Employees at sewage and wastewater treatment plants in the Netherlands and Germany are not more likely to carry antibiotic-resistant bacteria than other people. In Romania, these workers do have a higher probability of being carriers. These findings are from research conducted by RIVM.
The study took place between 2018 and 2020 in the Netherlands, Germany and Romania. In the three countries, employees at sewage and wastewater treatment plants submitted a stool sample and completed a survey questionnaire. Local residents in the regions where the treatment plants are located also submitted a sample and completed the same survey. The results of both groups were compared.
Antibiotic-resistant bacteria in sewage
Sewage can contain high levels of antibiotic-resistant bacteria. These bacteria enter the sewage system via human faeces. Employees at sewage and wastewater treatment plants can potentially be exposed during the course of their work. For example, workers could inhale airborne water droplets (aerosols). Workers could also be exposed to the bacteria through hand contact with sewage (or treatment products, such as sludge) followed by transfer to the mouth (for example by eating or smoking, or by scratching/rubbing an itch).
People can also pick up antibiotic-resistant bacteria in other ways. For example, exposure could occur during travel in countries where resistance is more common than in the Netherlands, or due to (incorrect) use of antimicrobial treatment. When someone contracts an infection involving resistant bacteria, antibiotics do not help. As a result, these infections are difficult to treat.
More ESBL-EC in Romania than in the Netherlands and Germany
The study looked at the presence of two types of common antibiotic-resistant bacteria. One type, CPE*, was found so rarely in all participants that no conclusions could be drawn. The other type, ESBL-EC*, was found in the stool of 13% of all participants, and occurred more often in Romania (28% of all participants) than in Germany (7.1%) and the Netherlands (5.7%).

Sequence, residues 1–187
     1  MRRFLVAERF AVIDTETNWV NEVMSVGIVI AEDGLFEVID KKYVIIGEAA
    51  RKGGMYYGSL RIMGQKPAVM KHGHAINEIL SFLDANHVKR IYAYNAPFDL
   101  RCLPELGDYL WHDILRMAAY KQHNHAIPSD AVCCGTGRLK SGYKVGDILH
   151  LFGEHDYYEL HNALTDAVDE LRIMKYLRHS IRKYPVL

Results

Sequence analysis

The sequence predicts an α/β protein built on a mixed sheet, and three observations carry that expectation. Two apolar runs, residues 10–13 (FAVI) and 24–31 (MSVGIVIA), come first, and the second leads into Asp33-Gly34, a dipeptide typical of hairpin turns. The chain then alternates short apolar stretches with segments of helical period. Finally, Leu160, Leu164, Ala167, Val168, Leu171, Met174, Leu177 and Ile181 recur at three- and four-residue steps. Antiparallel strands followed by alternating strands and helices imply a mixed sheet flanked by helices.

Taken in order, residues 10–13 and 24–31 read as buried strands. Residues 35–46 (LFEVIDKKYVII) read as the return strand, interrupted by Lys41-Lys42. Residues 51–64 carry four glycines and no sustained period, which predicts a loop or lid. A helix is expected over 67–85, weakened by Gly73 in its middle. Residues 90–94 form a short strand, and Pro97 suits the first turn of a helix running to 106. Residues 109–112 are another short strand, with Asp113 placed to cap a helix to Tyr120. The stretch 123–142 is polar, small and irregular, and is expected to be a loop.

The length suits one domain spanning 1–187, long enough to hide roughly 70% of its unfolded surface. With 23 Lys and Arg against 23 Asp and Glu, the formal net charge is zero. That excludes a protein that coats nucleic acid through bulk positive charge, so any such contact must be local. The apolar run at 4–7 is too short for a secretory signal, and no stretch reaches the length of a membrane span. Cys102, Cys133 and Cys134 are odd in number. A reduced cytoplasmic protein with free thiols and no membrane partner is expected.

No increased risk for sanitation workers in the Netherlands and Germany
In the Netherlands, 4.4% of all sanitation workers were carriers of ESBL-EC, compared to 6% of local residents in the same regions. In Germany, ESBL-EC was not found in any sanitation workers at all. This is probably due in part to the low numbers of workers who took part in that country (only 30 participating employees). 8.4% of local residents in the same regions did carry the bacteria. This shows that sanitation workers in the Netherlands and Germany are not more likely to carry ESBL-EC (and other antibiotic-resistant bacteria) than other people. The situation in Romania was different: sanitation workers in that country were twice as likely to carry ESBL-EC than local residents in the same region.
The results differed widely between Romania and the Netherlands/Germany. The exact cause of this difference is not known. Further research is needed to determine whether sewage in Romania contains higher levels of resistant bacteria, which would make it more likely for employees at sewage treatment plants to be exposed. Alternatively, different protective measures may be in place at sewage and wastewater treatment plants in Romania, Germany and the Netherlands.
This study is part of a major research initiative on antimicrobial resistance. The initial results have been described in a scientific article, which has been submitted to a scientific journal for peer review. A preprint of the article Carriage of ESBL-producing Enterobacterales in wastewater treatment plant workers and surrounding residents - The AWARE Study is available.
* ESBL-EC = ESBL-producing E. coli;
CPE= Carbapenemase-producing Enterobacterales